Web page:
http://www.herita...re-state
Look at this, doctors hung by their own petard thanks to the 'progressives'.
Jayded
not rated yet Feb 12, 2012
Every person trying natural medicine as a cure for cancer is no longer with us. Natural medicine definitely has its place but not when lined up against hard core diseases.
jsdarkdestruction
not rated yet Feb 13, 2012
imagine what we'll be able to do in 200 yrs. it's really crazy to think of how fast we are advancing all over the place. Go science!
roboferret
5 / 5 (3) Feb 13, 2012

Whoa, whoa, whoa. You need to categorize a bit more. Homeopathy in absolutely no sense of the word is even a smidgen viable. Do you even know what homeopathy is?


Agreed, also consider the large number of chinese medicines that abuse and destroy the natural world. Many different remedies require bones, horns, etc of endangered animals, or the skulls of ancient animals. 'You know what they call 'alternative medicine' thats been proved to work?'


'Medicine' :)
Birger
not rated yet Feb 13, 2012
Yes, "mainstream" medicine uses substances that are proven to work. There would be absolutely no sense for pharmaceutical companies in ignoring herbal remedies that work.

If such herbal remedies are not accepted by themedical authorities you should stay clear...some of those substances are actually harmful in the wrong doses, or intereferes with other nmedication you are taking.

ALWAYS consult with a doctor before you self-medicate herbal medicines while taking prescription drugs.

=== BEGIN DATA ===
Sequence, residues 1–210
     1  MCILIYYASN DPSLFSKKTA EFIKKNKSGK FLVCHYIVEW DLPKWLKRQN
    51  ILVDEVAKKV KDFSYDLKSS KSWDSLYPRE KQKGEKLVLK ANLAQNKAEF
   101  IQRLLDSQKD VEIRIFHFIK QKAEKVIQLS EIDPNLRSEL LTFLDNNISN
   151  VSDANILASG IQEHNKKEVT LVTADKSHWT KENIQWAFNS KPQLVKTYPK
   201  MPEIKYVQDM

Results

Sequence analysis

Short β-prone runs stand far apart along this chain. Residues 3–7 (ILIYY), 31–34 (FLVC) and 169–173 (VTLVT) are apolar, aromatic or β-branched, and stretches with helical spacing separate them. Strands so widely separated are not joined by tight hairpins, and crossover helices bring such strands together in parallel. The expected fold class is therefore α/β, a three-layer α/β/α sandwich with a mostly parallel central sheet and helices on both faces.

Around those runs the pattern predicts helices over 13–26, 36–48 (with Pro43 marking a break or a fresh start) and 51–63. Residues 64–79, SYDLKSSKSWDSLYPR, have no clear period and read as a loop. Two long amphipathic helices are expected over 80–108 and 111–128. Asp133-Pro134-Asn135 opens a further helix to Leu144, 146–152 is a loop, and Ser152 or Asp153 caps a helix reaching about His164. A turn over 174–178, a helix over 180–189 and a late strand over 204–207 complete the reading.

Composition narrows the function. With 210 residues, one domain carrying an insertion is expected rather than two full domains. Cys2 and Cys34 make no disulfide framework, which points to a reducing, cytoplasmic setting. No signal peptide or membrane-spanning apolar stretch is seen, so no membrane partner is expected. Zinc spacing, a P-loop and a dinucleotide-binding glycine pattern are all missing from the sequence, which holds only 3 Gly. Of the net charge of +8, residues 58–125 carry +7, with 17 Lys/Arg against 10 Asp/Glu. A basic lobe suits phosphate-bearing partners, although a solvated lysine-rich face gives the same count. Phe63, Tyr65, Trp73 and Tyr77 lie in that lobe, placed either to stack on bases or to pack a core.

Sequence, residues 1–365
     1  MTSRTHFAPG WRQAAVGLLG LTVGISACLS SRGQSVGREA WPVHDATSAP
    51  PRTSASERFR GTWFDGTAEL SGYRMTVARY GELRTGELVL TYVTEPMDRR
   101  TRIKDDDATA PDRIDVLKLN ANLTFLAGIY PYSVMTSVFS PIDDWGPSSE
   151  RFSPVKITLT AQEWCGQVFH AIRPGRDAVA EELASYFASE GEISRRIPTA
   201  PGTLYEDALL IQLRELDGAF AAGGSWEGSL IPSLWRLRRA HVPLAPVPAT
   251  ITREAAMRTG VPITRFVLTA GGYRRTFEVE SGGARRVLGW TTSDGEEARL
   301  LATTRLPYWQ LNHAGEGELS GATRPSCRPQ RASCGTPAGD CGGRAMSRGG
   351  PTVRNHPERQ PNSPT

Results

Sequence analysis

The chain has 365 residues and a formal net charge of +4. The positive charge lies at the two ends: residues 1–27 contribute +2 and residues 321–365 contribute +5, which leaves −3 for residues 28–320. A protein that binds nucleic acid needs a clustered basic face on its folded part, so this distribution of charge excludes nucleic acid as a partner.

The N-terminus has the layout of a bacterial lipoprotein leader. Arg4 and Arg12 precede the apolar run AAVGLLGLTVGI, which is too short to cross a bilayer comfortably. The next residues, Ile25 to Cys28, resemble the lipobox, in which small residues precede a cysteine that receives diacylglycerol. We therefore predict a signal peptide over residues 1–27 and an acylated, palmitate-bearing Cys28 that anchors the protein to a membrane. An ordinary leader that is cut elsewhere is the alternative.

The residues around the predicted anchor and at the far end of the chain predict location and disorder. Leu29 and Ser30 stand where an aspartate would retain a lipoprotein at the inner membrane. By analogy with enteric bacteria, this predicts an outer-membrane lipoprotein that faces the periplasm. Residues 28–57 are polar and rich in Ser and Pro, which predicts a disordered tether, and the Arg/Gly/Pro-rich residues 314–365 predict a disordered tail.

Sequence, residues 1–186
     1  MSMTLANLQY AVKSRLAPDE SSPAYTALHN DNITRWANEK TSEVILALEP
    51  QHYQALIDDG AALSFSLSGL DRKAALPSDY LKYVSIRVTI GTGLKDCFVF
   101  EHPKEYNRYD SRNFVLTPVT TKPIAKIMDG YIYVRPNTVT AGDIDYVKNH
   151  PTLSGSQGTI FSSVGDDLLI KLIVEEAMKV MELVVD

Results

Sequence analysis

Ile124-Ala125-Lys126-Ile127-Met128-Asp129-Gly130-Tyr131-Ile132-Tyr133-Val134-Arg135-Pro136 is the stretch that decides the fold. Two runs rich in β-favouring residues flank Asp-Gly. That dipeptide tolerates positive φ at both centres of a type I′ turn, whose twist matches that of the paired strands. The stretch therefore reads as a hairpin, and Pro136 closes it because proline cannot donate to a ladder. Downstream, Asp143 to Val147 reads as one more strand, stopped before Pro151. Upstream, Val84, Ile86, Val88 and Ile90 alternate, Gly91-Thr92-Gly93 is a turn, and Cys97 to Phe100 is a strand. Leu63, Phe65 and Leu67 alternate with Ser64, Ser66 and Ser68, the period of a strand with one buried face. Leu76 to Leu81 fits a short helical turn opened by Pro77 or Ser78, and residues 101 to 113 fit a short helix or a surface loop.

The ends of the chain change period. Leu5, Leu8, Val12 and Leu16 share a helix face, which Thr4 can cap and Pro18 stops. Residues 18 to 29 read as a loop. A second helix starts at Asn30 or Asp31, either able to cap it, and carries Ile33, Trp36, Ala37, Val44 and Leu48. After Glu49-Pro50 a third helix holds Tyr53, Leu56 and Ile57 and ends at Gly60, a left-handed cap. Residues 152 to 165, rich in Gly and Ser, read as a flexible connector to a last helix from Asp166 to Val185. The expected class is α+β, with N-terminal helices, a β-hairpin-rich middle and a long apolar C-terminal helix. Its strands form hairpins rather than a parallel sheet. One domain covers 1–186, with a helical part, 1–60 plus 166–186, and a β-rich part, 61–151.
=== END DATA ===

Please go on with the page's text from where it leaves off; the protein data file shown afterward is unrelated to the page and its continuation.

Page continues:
Telekinetic
1.5 / 5 (8) Feb 13, 2012
Every person trying natural medicine as a cure for cancer is no longer with us. Natural medicine definitely has its place but not when lined up against hard core diseases.


Not true. Read about Gerson Therapy or Dr. Burzynski's anti-neoplaston protocol and you'll find plenty of cancer survivors, or you can continue to believe the cancer industry's smear campaign, whose multi-billion dollar per year chemo business is at stake.
Telekinetic
1.5 / 5 (8) Feb 13, 2012
"If such herbal remedies are not accepted by the medical authorities you should stay clear...some of those substances are actually harmful in the wrong doses, or intereferes with other nmedication you are taking."- Birger
And what about the tens of thousands of people who died from taking prescription drugs? Or the class action suits against the pharmaceutical companies that make Vioxx, Celebrex, and others that either killed or maimed (thalidomide) patients. The alternative medicine record has only a few mishaps when compared to pharmaceuticals, and usually symptoms reverse when stopped.
aroc91
not rated yet Feb 13, 2012
Not only Chinese medicine, but also holistic, Ayurvedic, homeopathic, osteopathy, folk medicine and numerous other forms